The U.S. birthrate fell to the lowest level since the federal government began compiling statistics in 1909.
In 2019, the U.S. saw a rate of 58.2 births per 1,000 women ages 15–44, according to statistics from the Centers for Disease Control and Prevention’s National Center for Health Statistics. The number of births in 2019 was about 3.75 million, the lowest number of total births in 35 years.
“There are a lot of people out there who would like to have two children, a larger family, and there’s something going on out there that makes people feel like they can’t do that,” Melanie Brasher, assistant professor of sociology at the University of Rhode Island, told the Wall Street Journal.
The only age group that saw an increase in births was for women in their 40s.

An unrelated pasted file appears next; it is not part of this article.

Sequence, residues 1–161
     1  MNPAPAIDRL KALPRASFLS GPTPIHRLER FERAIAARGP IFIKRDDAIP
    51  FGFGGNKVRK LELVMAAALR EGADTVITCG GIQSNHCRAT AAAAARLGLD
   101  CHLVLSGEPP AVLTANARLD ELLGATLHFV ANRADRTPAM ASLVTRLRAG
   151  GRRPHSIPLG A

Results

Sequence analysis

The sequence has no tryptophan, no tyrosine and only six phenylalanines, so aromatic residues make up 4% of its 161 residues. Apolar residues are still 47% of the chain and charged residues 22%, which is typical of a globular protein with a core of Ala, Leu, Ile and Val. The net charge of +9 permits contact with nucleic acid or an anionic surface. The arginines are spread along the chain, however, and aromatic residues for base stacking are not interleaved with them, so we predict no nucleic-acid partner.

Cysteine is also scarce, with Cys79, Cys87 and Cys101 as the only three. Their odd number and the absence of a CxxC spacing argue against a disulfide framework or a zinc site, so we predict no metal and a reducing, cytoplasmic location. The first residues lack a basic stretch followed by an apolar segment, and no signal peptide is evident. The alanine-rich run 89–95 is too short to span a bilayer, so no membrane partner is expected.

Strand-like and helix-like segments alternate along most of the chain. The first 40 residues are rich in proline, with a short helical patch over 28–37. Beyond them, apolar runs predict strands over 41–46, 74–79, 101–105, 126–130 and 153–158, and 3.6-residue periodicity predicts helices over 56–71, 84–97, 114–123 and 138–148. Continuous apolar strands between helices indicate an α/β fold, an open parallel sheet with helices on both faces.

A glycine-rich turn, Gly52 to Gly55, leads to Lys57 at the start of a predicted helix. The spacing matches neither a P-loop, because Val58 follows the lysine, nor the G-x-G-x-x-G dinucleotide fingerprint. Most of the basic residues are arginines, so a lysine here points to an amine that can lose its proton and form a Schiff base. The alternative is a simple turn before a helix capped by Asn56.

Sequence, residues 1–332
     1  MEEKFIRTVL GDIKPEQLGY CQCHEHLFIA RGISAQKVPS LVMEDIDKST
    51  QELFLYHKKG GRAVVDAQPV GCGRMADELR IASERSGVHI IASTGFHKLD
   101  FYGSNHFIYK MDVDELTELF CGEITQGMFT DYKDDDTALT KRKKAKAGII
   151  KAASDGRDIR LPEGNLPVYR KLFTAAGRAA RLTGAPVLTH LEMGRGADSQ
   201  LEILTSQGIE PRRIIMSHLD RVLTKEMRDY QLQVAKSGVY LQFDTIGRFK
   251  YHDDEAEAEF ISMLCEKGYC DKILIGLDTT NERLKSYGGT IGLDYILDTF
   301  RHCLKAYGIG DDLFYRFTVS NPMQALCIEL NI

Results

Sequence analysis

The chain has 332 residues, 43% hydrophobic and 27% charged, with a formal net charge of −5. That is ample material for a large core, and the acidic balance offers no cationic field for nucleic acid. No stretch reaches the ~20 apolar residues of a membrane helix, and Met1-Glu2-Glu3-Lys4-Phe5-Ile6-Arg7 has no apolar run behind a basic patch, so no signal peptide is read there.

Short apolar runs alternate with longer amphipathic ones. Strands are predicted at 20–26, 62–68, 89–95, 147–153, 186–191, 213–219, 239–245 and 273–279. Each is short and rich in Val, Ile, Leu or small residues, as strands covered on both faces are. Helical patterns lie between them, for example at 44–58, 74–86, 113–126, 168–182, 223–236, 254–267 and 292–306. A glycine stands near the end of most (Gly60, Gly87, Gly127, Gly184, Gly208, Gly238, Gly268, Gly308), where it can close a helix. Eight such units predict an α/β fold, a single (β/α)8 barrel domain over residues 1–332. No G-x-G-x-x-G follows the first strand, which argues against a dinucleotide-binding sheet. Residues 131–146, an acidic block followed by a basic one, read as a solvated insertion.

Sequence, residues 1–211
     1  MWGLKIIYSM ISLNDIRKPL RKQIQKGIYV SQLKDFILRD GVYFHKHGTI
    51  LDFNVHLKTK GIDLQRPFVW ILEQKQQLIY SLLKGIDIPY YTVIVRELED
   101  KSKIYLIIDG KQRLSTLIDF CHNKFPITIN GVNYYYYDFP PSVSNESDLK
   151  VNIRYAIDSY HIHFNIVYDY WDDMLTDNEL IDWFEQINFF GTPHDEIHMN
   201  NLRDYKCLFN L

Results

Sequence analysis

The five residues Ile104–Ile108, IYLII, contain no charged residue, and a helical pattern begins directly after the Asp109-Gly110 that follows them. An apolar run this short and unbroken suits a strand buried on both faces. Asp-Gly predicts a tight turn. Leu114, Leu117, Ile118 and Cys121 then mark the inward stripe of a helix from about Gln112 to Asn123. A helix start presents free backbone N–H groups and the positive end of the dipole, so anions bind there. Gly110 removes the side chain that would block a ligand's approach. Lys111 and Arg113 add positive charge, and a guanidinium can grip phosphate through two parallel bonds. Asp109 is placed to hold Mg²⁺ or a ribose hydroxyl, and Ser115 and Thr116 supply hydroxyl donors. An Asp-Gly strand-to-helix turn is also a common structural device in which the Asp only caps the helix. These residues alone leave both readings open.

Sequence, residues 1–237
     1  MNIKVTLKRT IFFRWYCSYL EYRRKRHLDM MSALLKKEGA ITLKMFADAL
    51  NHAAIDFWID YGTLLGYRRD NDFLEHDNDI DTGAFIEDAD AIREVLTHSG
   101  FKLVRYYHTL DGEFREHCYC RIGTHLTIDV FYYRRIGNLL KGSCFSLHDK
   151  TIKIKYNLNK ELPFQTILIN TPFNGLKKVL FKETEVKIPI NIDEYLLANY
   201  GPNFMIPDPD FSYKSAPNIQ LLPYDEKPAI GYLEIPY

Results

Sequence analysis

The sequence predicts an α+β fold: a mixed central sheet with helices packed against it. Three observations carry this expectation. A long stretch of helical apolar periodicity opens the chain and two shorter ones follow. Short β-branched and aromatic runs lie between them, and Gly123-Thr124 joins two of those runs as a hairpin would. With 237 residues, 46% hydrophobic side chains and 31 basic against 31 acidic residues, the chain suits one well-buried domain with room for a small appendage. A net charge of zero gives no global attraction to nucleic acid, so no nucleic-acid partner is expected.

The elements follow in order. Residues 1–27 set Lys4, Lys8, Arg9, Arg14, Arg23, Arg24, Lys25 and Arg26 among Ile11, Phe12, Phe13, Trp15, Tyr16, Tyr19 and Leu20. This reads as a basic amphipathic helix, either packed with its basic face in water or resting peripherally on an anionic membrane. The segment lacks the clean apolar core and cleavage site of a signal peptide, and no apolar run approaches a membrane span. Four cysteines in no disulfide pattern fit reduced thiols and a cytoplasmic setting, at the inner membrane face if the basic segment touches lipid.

“Women are still having children,” said Brady Hamilton, a statistician who helped write the new CDC report. “They’re just holding off until a later point in time until they establish their education and establish their career.”
The current trend may appear unusual. While birthrates generally drop following economic crises, birthrates have continued to fall after the 2008 recession despite the economic recovery. With the added pressure brought on by the pandemic, birthrates could fall even further.
“People that were products of the Great Depression, the birthrates were much lower for that cohort than they were for people born after World War II,” Brasher commented.
But the U.S. is not the only country currently experiencing a declining birthrate. Many advanced democracies in Europe and East Asia are also seeing a decline or leveling-off in birth rates, with lower absolute levels than the U.S. Meanwhile, total fertility rates — the number of children a woman is expected to have during her lifetime — are declining globally, while birthrates remain high across the developing world.